Samir saw Varajas’s eyes roll back. Had just enough time to wonder what was happening when a wave of dizziness rolled through him. His head fell back; his knees buckled. Only the fact he still held that iron thread of magic in his mind saved him. He sent a burst of power through the Star, made the Star in his mind flare bright, and sharp, cool, clarity radiated out.

But when he opened his eyes, he wasn’t in Ulek anymore. He was in Lysander’s tent, where Lysander and Varajas were having a conversation. Lysander didn’t see Samir. Varajas seemed to, but he didn’t acknowledge it. They were talking about that day in the woods. Like that day had been today.

Had it been?

“Show me what I cannot see,” Samir murmured, the Star still fixed in his mind. “Show me the truth. Show me what is real.”

Dinner wavered like a mirage, faded into darkness, and Samir and Varajas were back in crumbling Ulek. And this time, Varajas was clearly staring at him.

“You were there.” Varajas’s words sounded slurred, blurry. Like he was drunk, or coming out of a deep sleep. “But you weren’t there. You couldn’t have been.” He shook his head, looking all around. “This dream…can’t escape this dream.”

Except that a horrible truth was dawning through Samir’s mind. “No. This isn’t the dream. This is real. It’s the rest that’s the dream.” He put his hand on the bars of the gate, pressing his fingers against Varajas’s. Letting Varajas feel he was solid, warm, alive. “You should let me in.”

“The shadows,” Varajas began, but he shook his head again, blinking, confused. “Where are they? Where did they go?”

His eyes sharpened with sudden clarity, and he took a step back, his hand on his sword. “How do I know you’re even real?”

It was a reasonable question. One Samir had plenty of experience with himself. For good or ill, there was only one answer. “You don’t. You can’t. And until I figure out what’s going on, I don’t know you’re real either. But I’m trusting my gut, and that’s the best advice I have for you. What feels right?”

Varajas’s long silence implied he was giving the question a serious interrogation. With practiced patience, Samir gave him the time he needed.

“Nothing about this feels right,” he finally said. “But you don’t seem like one of the shadows. So let’s pretend, for now, that we’re both real and go from there.” He twitched a lopsided half-smile that gave Samir a tingly flash of warmth, then pushed up the lever to open the gate.

Samir ducked inside. Krys took the opportunity to spread her wings and drop from his hand, flapping up to a higher perch.

“I’m going to presume she’s real too,” Varajas said, watching her settle on a railing, hanging from both her feet and the hooked claws attached to the bends of her wings. “Which raises the question of how we all got here.”

“Not to mention the question of where here is.”

Varajas once more let the gate fall, then gave Samir a raised-eyebrow look. “You don’t recognize this place?”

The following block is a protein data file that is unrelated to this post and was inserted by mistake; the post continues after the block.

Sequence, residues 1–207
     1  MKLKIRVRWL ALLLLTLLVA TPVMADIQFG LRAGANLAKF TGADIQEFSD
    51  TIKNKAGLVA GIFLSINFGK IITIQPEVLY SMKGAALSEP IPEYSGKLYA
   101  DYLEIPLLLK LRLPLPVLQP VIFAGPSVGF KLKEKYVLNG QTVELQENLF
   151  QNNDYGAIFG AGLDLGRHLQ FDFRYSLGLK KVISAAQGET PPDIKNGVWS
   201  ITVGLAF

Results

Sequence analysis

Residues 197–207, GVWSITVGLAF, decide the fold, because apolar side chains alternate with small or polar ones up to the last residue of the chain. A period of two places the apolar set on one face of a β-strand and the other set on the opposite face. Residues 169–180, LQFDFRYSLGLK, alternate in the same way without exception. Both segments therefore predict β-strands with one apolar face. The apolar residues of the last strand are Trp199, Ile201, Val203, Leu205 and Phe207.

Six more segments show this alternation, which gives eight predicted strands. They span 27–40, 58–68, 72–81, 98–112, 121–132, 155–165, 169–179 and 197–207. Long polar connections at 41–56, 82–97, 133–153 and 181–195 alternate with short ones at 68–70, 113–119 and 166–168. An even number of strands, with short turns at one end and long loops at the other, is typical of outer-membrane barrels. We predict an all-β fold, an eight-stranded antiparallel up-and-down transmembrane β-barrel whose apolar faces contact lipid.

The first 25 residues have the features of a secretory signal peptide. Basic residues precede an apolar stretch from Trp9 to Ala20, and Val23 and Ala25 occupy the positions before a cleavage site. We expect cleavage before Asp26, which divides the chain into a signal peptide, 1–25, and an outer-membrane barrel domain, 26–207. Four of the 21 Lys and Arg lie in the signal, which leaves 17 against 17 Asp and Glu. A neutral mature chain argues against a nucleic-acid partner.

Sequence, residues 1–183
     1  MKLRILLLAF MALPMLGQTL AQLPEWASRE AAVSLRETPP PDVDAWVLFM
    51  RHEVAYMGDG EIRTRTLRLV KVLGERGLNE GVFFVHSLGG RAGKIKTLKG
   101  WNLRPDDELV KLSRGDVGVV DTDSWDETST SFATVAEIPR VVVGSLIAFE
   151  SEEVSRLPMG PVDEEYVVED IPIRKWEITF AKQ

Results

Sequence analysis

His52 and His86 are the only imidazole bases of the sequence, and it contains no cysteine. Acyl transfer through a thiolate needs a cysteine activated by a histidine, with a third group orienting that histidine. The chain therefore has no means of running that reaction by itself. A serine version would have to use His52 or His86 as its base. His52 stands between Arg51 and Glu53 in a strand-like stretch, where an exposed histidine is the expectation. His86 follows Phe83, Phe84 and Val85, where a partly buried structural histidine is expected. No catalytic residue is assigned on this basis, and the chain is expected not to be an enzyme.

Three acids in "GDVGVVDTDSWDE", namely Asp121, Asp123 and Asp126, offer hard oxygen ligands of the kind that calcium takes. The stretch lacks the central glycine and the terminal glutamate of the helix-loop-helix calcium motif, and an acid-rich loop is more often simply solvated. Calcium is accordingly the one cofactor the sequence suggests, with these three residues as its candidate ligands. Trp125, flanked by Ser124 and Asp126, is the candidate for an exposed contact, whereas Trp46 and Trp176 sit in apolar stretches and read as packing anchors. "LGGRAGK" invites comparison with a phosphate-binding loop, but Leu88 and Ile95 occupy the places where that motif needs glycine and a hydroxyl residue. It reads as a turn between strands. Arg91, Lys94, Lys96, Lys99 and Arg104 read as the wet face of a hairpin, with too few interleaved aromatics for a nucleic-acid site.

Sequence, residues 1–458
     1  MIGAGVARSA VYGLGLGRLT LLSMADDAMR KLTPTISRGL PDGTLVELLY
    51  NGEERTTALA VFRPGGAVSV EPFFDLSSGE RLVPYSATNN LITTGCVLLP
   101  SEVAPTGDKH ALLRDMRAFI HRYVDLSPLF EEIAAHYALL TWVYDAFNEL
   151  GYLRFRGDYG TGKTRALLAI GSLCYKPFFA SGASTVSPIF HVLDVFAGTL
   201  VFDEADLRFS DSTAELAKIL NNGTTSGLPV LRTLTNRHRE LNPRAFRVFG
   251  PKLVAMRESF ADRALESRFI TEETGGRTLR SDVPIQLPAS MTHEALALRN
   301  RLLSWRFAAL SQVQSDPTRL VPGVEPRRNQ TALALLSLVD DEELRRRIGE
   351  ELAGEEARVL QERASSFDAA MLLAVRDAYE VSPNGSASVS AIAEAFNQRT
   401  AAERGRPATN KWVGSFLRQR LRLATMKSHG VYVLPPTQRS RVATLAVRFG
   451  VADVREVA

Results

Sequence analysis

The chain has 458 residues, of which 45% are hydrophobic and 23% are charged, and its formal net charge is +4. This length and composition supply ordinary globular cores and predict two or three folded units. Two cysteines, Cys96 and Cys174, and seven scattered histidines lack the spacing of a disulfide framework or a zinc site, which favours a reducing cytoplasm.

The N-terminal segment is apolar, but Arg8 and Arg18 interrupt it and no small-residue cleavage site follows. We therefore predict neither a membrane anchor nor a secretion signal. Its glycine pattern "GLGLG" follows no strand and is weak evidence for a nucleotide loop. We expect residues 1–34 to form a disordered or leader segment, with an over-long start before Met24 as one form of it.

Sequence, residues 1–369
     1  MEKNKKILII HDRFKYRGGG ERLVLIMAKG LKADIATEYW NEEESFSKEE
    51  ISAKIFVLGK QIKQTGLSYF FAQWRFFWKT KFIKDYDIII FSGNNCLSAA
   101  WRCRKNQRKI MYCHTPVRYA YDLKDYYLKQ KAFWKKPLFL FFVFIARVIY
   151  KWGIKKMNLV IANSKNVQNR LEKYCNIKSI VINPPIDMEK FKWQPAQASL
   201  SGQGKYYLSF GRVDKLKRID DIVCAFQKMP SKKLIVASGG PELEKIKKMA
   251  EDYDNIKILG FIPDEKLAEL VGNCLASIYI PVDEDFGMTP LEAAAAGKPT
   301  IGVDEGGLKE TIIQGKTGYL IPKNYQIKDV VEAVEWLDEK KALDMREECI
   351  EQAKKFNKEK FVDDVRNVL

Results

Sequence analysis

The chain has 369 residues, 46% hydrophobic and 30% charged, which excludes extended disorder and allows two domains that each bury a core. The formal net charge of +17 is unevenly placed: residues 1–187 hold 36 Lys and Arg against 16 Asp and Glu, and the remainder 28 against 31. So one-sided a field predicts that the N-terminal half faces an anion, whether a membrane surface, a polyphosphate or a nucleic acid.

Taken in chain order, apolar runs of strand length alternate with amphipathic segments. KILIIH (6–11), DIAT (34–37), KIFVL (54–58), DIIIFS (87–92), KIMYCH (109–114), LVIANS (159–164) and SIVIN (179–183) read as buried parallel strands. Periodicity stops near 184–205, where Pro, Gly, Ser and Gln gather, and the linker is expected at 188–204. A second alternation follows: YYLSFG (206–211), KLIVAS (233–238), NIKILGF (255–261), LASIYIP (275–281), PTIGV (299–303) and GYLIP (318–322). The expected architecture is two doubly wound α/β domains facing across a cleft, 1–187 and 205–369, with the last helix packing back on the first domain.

“It’s Ulek, of course, but this isn’t the Ulek I saw just weeks ago. Or even…” he trailed off, trying to think. Why was everything in his head so slippery? “We were coming back here. Did we…did we get here?”

Varajas had one hand on the stone wall beside the gate, studying it as though it held answers. “I…” A frown, his brow drawn tight. “I don’t know. I remember being on the road. And then…”

Varajas turned to stare up at the castle proper. He took a couple steps towards the yawning darkness of the great door. Samir moved with him, unwilling to be separated again, even by a little.

“You were there with me. At dinner with Lysander.”

“No.” Samir was going on instinct, but instinct forged of years of study and then time spent fighting through a different maze created out of his own worst nightmares. “That was a dream. I was in the dream with you. But I think you were remembering something that actually happened.”

“But it’s the last thing I remember.”

For Samir too. So he said, “I want to try something.”

“Of course you do.” Varajas sighed, still looking up at the castle. “Wizards always want to try things.”

That sparked…something. Anger. Yelling. But the thoughts sidled away before Samir could bring them into focus. He let it go—for now. “Just don’t run off. I don’t want to have to find you again.” And he pulled his fate deck out of its pocket and started sifting through.

“What are you doing?”

Samir didn’t answer. If it didn’t work, it didn’t matter. He’d give Varajas an answer when he had one. He knelt down and pulled the ace of air. “The start of a journey,” he murmured, laying it on the ground. “We started. We were on the road.” He shuffled the cards with agile fingers. Emptying his mind of everything but the question. “What happened next?”

He drew a card.

A note from Barbara J Webb

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About the author

Barbara J Webb


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